SCHUYLKILL HAVEN – Eritrean author Alemseged Tesfai said a lack of language helped make his country vulnerable to Ethiopian rule, but now he wants to use his writing to correct the historical record.
Dr. Charles Cantalupo invited Tesfai to speak to his introduction to African literature and introduction to creative writing classes at Penn State Schuylkill on Tuesday.
Tesfai, who is primarily a historical writer but has also done works of fiction including plays and short stories, spoke about his experience as a writer and contemporary African issues with both classes, which are comprised mostly of freshman and sophomores.
After World War II, the United Nations federated Eritrea – which had been under Italian rule since 1890 – with neighboring Ethiopia.
Tesfai said the Italians had made it a point to suppress Eritrean education as much as possible, capping education at the fourth grade. Ethiopians claimed Eritrea as a “long-lost province,” Tesfai said, and his country found it difficult to make a case for independence.
“Eritreans didn’t have the capacity to express themselves,” Tesfai said. “The written language had not been developed enough.”
The limited history Eritreans were taught consisted mainly of the names of Italian historical figures, Tesfai said, and Eritreans relied on oral traditions to learn their country’s history.
Eritrea formally declared independence in the early ’90s, after a 30-year war, but Tesfai said the lack of a comprehensive written history of his country means today’s Eritreans take their independence for granted.
After many years of academic writing in English, Tesfai began to focus more on writing in Tigrinya, one of Eritrea’s official languages.
Tesfai is working on the final book of a three-volume Eritrean history project. The first two volumes have already been completed.
“The reception has been positive and widespread, because this would be the first time that such a coherent and comprehensive history of a section of Eritrean history, written in Eritrea’s language, has been accessible to people who would otherwise not be able to read it previously,” Tesfai said.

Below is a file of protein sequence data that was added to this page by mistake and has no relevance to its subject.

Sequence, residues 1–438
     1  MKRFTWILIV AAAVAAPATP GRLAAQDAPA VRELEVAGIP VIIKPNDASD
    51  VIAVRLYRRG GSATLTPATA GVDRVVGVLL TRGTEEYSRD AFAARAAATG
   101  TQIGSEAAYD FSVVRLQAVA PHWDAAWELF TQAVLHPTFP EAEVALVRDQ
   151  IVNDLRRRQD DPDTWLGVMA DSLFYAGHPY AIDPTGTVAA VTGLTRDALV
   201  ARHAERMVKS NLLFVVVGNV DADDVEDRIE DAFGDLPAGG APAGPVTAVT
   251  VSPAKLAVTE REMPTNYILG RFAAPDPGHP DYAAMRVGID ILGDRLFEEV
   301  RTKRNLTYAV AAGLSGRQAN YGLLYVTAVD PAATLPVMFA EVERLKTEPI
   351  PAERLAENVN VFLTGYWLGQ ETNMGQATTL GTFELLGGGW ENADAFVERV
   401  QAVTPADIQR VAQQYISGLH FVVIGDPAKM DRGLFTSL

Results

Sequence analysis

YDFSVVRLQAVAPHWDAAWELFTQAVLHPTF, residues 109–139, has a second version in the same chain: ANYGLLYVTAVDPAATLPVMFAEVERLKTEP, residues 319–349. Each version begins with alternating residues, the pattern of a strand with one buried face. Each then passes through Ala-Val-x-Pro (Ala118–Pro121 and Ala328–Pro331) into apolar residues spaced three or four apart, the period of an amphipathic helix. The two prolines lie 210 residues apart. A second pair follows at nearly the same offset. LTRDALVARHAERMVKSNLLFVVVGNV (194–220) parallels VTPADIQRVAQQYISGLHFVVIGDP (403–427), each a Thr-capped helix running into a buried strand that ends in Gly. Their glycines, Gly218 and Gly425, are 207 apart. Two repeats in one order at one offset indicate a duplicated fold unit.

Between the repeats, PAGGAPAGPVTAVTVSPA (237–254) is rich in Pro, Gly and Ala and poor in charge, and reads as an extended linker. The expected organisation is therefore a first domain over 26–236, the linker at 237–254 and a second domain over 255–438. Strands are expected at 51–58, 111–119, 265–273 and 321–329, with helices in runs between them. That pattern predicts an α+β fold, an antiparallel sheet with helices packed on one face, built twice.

Existing histories of Eritrea, written from British, Italian and other foreign perspectives, give the rest of the world an inaccurate view of his nation, Tesfai said, catering to a perception of Africa as a continent of “jungles, giraffes and monkeys.” Tesfai said one common question he gets from American audiences is whether lions walk around in city streets.
“You can’t have a lion walking around on the streets of Reading or Bethlehem,” Tesfai said, drawing laughs from the students.
Tesfai said he would also like his history project to be translated into English, either as the same three volumes or one summarized work.
“If these three books were condensed and then translated to one book, it would change the course of Western understanding of not only Eritrea, but the Horn of Africa,” Cantalupo, distinguished professor of English, comparative literature and African studies, said.
Tesfai said he had a visit planned for Penn State Berks on Wednesday, and will travel to Ohio University next week. A few other trips are also in the works.
Y DUSTIN PANGONIS (STAFF WRITER firstname.lastname@example.org)